Chinese bitcoin mining giant sets up Swiss subsidiary

ZURICH (Reuters) - Chinese bitcoin mining giant Bitmain Technologies is expanding to Switzerland in a move that will be key to widening its reach, the group told a Swiss newspaper.

A man walks past an electric board showing exchange rates of various cryptocurrencies including Bitcoin (top L) at a cryptocurrencies exchange in Seoul, South Korea December 13, 2017. REUTERS/Kim Hong-Ji

Bitmain Switzerland was registered in Zug, Switzerland in late December according to commercial registry filings accessed on Wednesday.

Experts say China is one of the world’s biggest sources of bitcoin mining, where miners solve complex mathematical puzzles with computers in order to be awarded virtual coins.

But a government clampdown on electricity-intensive cryptocurrency mining could soon see that activity move elsewhere.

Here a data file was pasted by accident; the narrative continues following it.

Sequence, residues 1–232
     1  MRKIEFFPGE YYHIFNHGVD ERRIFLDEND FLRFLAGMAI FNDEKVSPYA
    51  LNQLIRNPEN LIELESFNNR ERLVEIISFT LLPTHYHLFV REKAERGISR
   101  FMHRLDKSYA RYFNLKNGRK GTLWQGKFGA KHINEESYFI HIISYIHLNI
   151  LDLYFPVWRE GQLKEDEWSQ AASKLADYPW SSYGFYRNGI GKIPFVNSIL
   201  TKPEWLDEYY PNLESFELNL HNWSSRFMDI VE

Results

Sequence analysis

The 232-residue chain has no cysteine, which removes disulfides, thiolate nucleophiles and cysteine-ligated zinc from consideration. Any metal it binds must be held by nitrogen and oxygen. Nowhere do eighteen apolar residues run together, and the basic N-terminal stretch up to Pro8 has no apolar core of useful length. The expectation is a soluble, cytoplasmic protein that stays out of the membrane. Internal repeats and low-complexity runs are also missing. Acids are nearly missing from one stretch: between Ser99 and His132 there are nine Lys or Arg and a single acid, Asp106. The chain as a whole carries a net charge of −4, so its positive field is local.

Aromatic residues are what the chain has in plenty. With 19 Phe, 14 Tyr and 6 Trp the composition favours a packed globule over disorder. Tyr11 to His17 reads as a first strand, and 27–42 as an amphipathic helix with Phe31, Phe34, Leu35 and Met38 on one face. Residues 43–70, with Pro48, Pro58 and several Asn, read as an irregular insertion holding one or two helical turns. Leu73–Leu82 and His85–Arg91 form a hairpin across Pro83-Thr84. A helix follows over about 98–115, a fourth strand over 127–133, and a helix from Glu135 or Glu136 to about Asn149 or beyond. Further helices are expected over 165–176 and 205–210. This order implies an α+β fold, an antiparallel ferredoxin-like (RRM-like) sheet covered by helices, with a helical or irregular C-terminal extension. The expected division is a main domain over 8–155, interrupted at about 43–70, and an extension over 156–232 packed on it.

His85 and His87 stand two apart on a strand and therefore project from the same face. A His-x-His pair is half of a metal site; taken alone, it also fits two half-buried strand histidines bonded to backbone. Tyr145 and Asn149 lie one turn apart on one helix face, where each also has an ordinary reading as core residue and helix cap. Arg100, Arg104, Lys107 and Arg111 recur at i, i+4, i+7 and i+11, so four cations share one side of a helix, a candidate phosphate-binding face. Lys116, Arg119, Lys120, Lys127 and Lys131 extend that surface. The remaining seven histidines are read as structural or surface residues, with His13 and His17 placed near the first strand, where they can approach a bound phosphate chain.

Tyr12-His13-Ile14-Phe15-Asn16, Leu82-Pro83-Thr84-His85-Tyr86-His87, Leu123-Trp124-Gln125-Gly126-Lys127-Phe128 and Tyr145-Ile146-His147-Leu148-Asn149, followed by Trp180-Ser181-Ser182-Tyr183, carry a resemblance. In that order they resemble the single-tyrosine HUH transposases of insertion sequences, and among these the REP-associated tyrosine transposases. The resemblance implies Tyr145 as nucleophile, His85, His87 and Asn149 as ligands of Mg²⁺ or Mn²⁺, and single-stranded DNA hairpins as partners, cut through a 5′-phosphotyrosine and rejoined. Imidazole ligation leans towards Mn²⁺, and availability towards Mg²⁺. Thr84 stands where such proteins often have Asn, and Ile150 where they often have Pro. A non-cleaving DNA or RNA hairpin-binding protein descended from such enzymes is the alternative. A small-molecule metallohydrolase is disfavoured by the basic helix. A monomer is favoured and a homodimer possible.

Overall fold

“Bitmain Switzerland will play a central role during our global expansion,” a spokesman for the Beijing-based group told Swiss paper Handelszeitung. The paper first reported the group’s expansion to Switzerland on Wednesday.

Bitmain Technologies was not immediately available for comment nearing midnight Beijing time.

Founded in Beijing in 2013, Bitmain is a leading bitcoin miner which also makes chips and computer hardware for mining.

Besides Beijing it currently has offices in Amsterdam, Hong Kong, Tel Aviv, Qingdao, Chengdu, Shanghai and Shenzhen, according to its website.

Zug, a small canton in the middle of Switzerland, has become known as the Swiss “Crypto Valley” due to the proliferation of cryptocurrency groups setting up shop there.

The Swiss company, Bitmain Switzerland, was registered to directors Jihan Wu, the name of Bitmain Technologies’ co-founder, as well as a Chinese national by the name of Ti Liu residing in Birrwil, Switzerland and a Swiss national, Christian Johannes Meisser, residing in Klosters-Serneus.

Reporting by Brenna Hughes Neghaiwi; Editing by Adrian Croft